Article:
Garfield County commissioners rescind oil shale resolution
Aspen, CO Colorado
GLENWOOD SPRINGS – Garfield County commissioners have rescinded an April 9 resolution opposing the U.S. Bureau of Land Management’s plans to limit the amount of acreage to be made available for oil shale leasing.
Commissioners, in a 3-0 vote Tuesday, acknowledged that notice of a March 27 meeting in Vernal, Utah, where commissioners from several Colorado, Utah and Wyoming counties joined industry representatives in drafting the resolution, was not adequately noticed.
All three Garfield commissioners attended the closed-door meeting hosted by the Uintah County commissioners.
Questions have been raised in a lawsuit filed by two citizen groups challenging the legality of that meeting, and whether proper notice was given.
“When we went to Vernal, I think we went with good intentions,” said Garfield County Commissioner Mike Samson, who requested that the matter be put on Tuesday’s Board of County Commissioners agenda.
“The outcome of that meeting is now headed to the courts,” he said. “I’m not a fan of litigation, especially long, protracted litigation.
“Both sides have legitimate points to argue on this matter,” Samson added. “I believe it’s in the best interests of the county to resolve this, so we’re not wasting our time [in court].”
The Grand Valley Citizens Alliance and Western Colorado Congress joined forces last month to file a lawsuit against the Garfield County commissioners, claiming the Vernal meeting was held illegally and asking a judge to nullify the resulting resolution.
Although the commissioners took public comments on the resolution at their April 9 regular meeting before formally voting on it, the groups say their minds were made up beforehand.
Commissioner John Martin said he doubts Tuesday’s decision will make the lawsuit go away.
“I don’t think we’ve done anything wrong, and I know it doesn’t end here,” Martin said in “reluctantly” voting to rescind the resolution. “This will continue all the way through the November election.”
Commissioner Tom Jankovsky also contends that the criticism is politically motivated. Commissioners Martin and Samson are both up for re-election in November against Democratic challengers.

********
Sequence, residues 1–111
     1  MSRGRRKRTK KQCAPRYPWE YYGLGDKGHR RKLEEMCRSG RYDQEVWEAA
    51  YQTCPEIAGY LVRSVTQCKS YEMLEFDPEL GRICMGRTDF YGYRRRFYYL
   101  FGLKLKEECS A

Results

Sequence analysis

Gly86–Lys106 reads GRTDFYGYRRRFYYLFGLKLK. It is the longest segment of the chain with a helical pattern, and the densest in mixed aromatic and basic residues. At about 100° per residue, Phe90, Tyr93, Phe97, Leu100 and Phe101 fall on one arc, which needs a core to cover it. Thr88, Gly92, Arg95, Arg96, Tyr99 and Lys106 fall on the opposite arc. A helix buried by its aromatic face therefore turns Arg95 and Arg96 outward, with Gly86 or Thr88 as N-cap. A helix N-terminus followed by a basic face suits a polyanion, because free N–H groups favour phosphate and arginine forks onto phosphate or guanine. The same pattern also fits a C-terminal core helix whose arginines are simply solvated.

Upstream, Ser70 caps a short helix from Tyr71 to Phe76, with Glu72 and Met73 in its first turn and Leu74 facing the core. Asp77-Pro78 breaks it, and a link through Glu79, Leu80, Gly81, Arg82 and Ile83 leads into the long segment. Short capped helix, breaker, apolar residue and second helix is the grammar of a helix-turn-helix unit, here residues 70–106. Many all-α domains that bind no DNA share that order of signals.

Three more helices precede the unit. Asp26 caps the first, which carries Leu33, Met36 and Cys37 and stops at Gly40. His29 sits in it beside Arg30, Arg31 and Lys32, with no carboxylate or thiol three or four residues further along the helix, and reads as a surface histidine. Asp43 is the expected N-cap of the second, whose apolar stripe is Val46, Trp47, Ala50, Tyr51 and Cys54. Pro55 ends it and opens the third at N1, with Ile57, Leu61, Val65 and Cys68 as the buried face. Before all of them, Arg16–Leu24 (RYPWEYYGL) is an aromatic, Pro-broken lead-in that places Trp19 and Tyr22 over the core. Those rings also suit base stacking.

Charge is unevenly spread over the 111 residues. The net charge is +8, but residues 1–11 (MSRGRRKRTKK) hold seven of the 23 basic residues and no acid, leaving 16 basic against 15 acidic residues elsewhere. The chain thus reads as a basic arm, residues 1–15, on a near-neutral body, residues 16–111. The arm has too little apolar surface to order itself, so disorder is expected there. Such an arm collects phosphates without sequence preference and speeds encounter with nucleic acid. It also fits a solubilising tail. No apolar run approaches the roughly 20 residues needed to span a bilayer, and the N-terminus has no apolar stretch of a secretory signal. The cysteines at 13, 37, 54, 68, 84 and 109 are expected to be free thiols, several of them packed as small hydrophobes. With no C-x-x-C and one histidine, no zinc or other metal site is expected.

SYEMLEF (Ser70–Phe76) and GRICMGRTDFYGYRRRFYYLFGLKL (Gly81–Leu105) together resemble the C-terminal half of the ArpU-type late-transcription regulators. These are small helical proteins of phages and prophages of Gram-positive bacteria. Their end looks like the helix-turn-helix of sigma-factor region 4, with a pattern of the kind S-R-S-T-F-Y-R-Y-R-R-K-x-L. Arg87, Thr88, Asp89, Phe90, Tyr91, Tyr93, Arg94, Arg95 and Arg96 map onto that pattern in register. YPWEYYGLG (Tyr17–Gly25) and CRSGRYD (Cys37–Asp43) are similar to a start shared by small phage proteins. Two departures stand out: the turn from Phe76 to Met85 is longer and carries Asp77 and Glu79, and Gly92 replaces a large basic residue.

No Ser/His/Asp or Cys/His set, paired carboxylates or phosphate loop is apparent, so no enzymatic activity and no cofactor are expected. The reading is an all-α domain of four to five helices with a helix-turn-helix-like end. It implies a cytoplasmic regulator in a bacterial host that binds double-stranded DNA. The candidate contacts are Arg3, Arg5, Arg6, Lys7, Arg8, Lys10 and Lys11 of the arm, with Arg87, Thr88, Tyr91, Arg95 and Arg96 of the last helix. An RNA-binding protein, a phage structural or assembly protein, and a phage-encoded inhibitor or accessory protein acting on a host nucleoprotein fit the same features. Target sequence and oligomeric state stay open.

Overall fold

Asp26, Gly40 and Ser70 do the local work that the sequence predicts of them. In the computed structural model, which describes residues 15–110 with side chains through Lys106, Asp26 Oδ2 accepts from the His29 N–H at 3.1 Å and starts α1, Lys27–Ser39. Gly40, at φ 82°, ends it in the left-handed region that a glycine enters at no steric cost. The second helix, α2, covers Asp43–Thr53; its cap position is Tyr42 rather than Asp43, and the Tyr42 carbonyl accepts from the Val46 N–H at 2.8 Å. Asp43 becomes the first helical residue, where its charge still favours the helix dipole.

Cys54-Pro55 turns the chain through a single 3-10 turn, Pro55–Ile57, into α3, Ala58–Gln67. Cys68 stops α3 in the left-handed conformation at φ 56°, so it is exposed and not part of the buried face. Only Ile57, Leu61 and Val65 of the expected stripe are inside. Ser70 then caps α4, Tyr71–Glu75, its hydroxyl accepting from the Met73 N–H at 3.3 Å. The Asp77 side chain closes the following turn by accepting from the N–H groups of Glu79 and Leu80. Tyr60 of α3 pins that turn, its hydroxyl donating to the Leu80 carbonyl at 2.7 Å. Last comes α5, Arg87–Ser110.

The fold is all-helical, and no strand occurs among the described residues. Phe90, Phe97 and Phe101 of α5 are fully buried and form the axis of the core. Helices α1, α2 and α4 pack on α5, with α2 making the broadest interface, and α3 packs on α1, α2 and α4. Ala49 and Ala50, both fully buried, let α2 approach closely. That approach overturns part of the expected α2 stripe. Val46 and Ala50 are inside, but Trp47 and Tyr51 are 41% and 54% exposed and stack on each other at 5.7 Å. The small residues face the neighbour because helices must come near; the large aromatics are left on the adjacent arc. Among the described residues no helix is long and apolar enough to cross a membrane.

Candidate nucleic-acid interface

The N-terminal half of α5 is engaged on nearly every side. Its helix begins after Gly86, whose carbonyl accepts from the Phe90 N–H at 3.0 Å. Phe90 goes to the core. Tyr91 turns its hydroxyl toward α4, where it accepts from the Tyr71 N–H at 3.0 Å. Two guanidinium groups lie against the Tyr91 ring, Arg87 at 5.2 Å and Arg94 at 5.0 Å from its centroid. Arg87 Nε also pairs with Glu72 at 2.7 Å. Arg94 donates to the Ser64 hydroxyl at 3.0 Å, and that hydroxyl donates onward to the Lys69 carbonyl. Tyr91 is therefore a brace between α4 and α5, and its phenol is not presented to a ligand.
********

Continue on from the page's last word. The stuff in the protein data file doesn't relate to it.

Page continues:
But, Jankovsky said, it was his oversight in not getting information to county Clerk and Recorder Jean Alberico that resulted in a posted notice of the Vernal meeting not including information such as the time and purpose.
“That was a mistake made by me,” Jankovsky said. “I would note that we did talk about this four different times in public sessions. We have also been very conscientious about giving notice since that meeting in Vernal.”
Jankovsky also asked that a new resolution stating the county’s objections to the BLM plans be placed back on the agenda again for a full discussion and vote. The county has been critical of the BLM’s plan to reduce the available acreage for oil shale leasing in western Colorado from around 400,000 acres to 32,000 acres.
“Garfield County has been blessed to have oil shale, and this is something that has been on the horizon for a long time,” Jankovsky said. “We have anywhere from 2 trillion to 4 trillion barrels of oil in oil shale, and a good portion of that is in our county.”
Two citizens who spoke at Monday’s meeting said the county should have a much broader discussion of the prospect of oil shale development and its impacts before passing a similar resolution.
“We’ve been working on oil shale for more than a century, and we can continue to take our time to get it right,” Carbondale resident and town Councilman Allyn Harvey said in support of the BLM’s most recent oil shale plan.
Added Glenwood Springs resident Anita Sherman, “We have many opportunities for economic development in this county, and energy extraction is just one of them.
“Outdoor recreation and tourism are just as important in how we manage our resources, and you have to consider the impacts on those from energy development,” she said.
Support Local Journalism
Support Local Journalism
Readers around Aspen and Snowmass Village make the Aspen Times’ work possible. Your financial contribution supports our efforts to deliver quality, locally relevant journalism.
Now more than ever, your support is critical to help us keep our community informed about the evolving coronavirus pandemic and the impact it is having locally. Every contribution, however large or small, will make a difference.
Each donation will be used exclusively for the development and creation of increased news coverage.
Start a dialogue, stay on topic and be civil.
If you don't follow the rules, your comment may be deleted.
User Legend: Moderator Trusted User
The Wheeler Opera House will remain dark into 2021, with current COVID-19 public health orders in place. Meanwhile, the masonry work on the exterior of the building will continue into July.